The log indexes datoms by time. The log is unlike the other indexes in several ways.
- The log is an ordered set of transactions, where each transaction itself contains an unordered set of datoms.
- The log is available as a method on Connection, not on Database.
- The log is not used automatically by query. Instead, it is accessed from within query via the query functions tx-ids and tx-data.
See the Log API document for details on using the log.
Datomic is accumulate-only. Information accumulates over time, and change is represented by accumulating the new, not by modifying or removing the old. For example, "removing" occurs not by taking something away, but by adding a new retraction.
At the implementation level, this means that index and log segments are immutable, and can be consumed directly without coordination by any processes in a Datomic system. This is the reason that Datomic processes are called peers – all processes have equivalent access to the information in the system. Moreover, because the indexes are immutable, they can be efficiently cached in application processes.
Note that accumulate-only is a semantic property, and is not the same as append-only, which is a structural property describing how data is written. Datomic is not an append-only system, and does not have the performance characteristics associated with append-only systems.
The Datomic API presents indexes to consumers as sorted sets of datoms or of transactions. However, Datomic is designed for efficient writing at transaction time, and for use with data sets much larger than can fit in memory. To meet these objectives, Datomic:
- Stores indexes as shallow trees of segments, where each segment typically contains thousands of datoms.
- Stores segments, not raw datoms, in storage.
- Updates the datom trees only occasionally, via background indexing jobs.
- Uses an adaptive indexing algorithm that has a sublinear relationship with total database size.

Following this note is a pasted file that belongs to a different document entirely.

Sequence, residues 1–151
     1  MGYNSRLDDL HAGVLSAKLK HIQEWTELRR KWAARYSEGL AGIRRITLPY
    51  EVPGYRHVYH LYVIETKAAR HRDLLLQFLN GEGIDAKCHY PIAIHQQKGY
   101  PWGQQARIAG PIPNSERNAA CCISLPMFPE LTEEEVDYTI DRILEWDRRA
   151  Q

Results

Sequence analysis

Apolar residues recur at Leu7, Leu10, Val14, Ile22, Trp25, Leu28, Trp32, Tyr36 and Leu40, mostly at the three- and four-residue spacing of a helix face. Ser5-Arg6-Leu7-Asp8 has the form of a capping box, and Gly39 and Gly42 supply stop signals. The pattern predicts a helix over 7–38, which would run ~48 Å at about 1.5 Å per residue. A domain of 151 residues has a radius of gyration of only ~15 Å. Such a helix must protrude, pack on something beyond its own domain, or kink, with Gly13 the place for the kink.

- Merges index trees with an in-memory representation of recent change so that peers see up-to-date indexes.
- Updates the log for every transaction (the D in ACID)
- Optimizes log writes using additional data structures tuned to allow O(1) storage writes per transaction.
For queries whose supporting datoms are already in cache, Datomic can access datoms at memory speeds, a latency that is impossible to achieve with client/server databases. When not all supporting datoms are in cache, the wide branching factor of index trees ensures that at most 1-2 reads from storage are necessary to find the necessary segments.
The diagram below shows a cloud-based Datomic instance using DynamoDB for its storage layer. Index usage is visible in the Peer Library and Peer Server sections, where index segments are cached (the yellow "Cache") and merged with recent changes (the green "Live Index") to provide a real-time view to Query.
Every Datomic entity is associated with a particular partition specified initially via tempid. These partitions act as a coarse-grained grouping mechanism for entities, much as file cabinets act as a coarse-grained grouping mechanism for paper files.